Capturing an image for the Leprosy Intelligent Image Atlas at Fiocruz in Brazil
The Novartis Foundation and Microsoft are partnering to develop an Artificial Intelligence (AI)-enabled Digital Health tool and a Leprosy Intelligent Image Atlas to aid in the early detection of leprosy. Over 200,000 people are diagnosed with leprosy every year. Brazil, India, and Indonesia account for about 80% of new cases. If untreated, patients are left with lifelong disabilities and are often stigmatized in their societies.
Microsoft and the Novartis Foundation will collaborate with local investigators from Oswaldo Cruz Foundation (Fiocruz) in Brazil to develop a protocol to examine anonymized images collected by Fiocruz. This will include a high-resolution image and metadata capture protocol to process leprosy skin lesion images.
The imagery and AI code are planned to be made publicly accessible at a later stage to empower leprosy researchers to accelerate research excellence in this field, leading to better outcomes.
“This partnership is expected to demonstrate how digital health technology can have a transformative impact on global health challenges. Together, we aim to accelerate leprosy detection in order to prevent patients from developing nerve damage. Bundling expertise from the health and tech sectors to pioneer innovative digital health solutions such as this one, can make it possible to reimagine the way we fight leprosy. Early detection and prompt treatment of patients remains the best way to interrupt leprosy transmission,” said Dr. Ann Aerts, Head of Novartis Foundation. “Together with Microsoft we are pioneering an innovative digital tool to accelerate leprosy detection, to make this ancient disease history once and for all.”
The publication of the first version of the image atlas is planned for mid-2019.
Leprosy is one of the oldest diseases known to man, but today an estimated 2-3 million people are still living with physical disability and stigmatization as a result of the disease. The disease often occurs in hard-to-reach communities with poor access to healthcare, where untreated patients continue to spread the infection. For the past decade, over 200,000 people have been newly diagnosed with the disease each year – including thousands of children. This lack of progress partly results from dwindling attention from health services and a decrease in political will, funding and the absence of new tools to fight the disease. It demonstrates the urgent need for the global health community to join forces and unite our efforts to interrupt further spread of the disease.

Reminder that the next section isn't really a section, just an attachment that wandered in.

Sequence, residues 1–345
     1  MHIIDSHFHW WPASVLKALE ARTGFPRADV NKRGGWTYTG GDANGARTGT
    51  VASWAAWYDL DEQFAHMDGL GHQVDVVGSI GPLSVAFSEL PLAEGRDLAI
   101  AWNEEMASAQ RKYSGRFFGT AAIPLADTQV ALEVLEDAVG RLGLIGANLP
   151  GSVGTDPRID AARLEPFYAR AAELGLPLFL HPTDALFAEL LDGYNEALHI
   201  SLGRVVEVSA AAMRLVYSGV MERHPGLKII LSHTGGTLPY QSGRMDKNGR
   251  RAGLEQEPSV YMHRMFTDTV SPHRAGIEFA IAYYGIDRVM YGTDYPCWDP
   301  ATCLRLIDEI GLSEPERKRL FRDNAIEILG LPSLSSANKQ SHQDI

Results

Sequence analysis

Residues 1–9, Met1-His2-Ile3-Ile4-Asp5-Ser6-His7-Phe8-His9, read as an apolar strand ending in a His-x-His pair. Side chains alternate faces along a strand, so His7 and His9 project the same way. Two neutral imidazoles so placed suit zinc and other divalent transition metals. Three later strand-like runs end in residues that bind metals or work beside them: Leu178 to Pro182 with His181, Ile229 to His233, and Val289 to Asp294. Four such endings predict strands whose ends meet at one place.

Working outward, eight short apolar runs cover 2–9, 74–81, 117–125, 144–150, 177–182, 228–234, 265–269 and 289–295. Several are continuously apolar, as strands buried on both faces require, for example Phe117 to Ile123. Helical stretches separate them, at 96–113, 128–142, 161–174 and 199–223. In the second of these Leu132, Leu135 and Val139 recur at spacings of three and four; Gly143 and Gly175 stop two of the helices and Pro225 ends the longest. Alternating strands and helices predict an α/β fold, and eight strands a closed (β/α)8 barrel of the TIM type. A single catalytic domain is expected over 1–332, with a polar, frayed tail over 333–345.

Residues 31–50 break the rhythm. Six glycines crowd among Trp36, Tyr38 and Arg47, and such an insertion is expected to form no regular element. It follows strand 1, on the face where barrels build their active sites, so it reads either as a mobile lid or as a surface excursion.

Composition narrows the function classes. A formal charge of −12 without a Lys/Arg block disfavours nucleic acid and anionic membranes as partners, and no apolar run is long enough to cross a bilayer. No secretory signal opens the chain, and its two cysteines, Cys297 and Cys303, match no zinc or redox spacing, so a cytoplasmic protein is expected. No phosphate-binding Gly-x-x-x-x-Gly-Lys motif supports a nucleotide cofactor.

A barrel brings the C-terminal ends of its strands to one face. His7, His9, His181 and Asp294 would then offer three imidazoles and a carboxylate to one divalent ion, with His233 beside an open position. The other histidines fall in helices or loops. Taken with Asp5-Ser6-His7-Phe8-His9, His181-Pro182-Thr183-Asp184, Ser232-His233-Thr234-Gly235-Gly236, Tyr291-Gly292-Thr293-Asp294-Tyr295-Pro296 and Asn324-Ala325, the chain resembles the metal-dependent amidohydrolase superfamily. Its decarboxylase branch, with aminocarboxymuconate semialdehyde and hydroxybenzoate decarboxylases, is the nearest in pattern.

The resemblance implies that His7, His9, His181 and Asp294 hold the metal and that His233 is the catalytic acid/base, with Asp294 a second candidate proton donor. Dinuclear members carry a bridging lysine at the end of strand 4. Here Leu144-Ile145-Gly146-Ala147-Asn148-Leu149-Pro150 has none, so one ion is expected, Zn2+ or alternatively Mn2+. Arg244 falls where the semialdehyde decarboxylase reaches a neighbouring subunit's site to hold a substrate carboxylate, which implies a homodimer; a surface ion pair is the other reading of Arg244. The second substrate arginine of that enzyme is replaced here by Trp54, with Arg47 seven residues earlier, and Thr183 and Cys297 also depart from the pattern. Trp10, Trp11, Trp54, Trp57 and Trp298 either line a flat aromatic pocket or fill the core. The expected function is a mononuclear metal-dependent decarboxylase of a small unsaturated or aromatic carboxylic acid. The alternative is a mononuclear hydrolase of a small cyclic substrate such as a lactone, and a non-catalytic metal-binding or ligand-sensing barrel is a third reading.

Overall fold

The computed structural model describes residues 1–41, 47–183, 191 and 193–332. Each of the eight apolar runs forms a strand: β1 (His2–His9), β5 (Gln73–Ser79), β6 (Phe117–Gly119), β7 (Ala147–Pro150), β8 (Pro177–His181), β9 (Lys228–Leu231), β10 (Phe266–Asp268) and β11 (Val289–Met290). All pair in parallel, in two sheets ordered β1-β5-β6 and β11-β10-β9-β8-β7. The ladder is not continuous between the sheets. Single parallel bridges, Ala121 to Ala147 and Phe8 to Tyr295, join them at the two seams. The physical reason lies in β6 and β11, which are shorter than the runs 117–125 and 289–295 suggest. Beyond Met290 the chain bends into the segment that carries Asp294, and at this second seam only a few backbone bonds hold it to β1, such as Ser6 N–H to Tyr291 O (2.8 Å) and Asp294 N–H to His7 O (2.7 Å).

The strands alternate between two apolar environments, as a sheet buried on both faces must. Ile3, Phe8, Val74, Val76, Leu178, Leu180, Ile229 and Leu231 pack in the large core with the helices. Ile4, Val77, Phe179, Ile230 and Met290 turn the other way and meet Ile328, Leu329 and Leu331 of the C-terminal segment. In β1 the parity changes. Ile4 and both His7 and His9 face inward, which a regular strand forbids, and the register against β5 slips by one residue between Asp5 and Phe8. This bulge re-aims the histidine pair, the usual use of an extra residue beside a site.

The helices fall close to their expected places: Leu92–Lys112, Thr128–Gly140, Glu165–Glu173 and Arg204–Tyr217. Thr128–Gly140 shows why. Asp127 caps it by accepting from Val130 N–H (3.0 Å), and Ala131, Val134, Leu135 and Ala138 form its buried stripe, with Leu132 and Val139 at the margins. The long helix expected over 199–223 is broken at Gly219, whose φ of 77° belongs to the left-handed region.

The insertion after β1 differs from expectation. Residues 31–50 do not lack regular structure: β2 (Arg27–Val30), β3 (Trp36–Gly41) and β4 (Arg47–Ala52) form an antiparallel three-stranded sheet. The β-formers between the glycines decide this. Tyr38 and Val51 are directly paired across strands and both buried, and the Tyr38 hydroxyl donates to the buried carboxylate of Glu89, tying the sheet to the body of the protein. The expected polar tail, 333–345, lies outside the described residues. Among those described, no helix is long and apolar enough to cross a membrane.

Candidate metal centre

The Novartis Foundation and leprosy
For over 30 years, Novartis and the Novartis Foundation have been working with partners around the world to eliminate leprosy. The introduction of multidrug therapy (MDT) in 1981 has helped lead to a 99% reduction in the global burden of leprosy. MDT has been donated for free by Novartis since 2000, reaching almost 7 million patients to date. The donation is part of the Novartis commitment to the London Declaration on Neglected Tropical Diseases. The Novartis Foundation is founding member of the newly established Global Partnership for Zero Leprosy, aiming to interrupt transmission and achieve zero new leprosy cases.
Watch this short video about how Novartis and the Novartis Foundation are working to make leprosy history.
View this photo essay on The Guardian about tackling leprosy in the Philippines.